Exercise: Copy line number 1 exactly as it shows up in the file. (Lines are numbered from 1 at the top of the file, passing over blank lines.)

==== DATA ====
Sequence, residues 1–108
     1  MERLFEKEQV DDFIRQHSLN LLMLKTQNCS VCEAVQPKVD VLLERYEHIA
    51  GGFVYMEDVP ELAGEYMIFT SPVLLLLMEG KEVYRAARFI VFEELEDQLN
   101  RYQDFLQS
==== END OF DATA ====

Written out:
Sequence, residues 1–108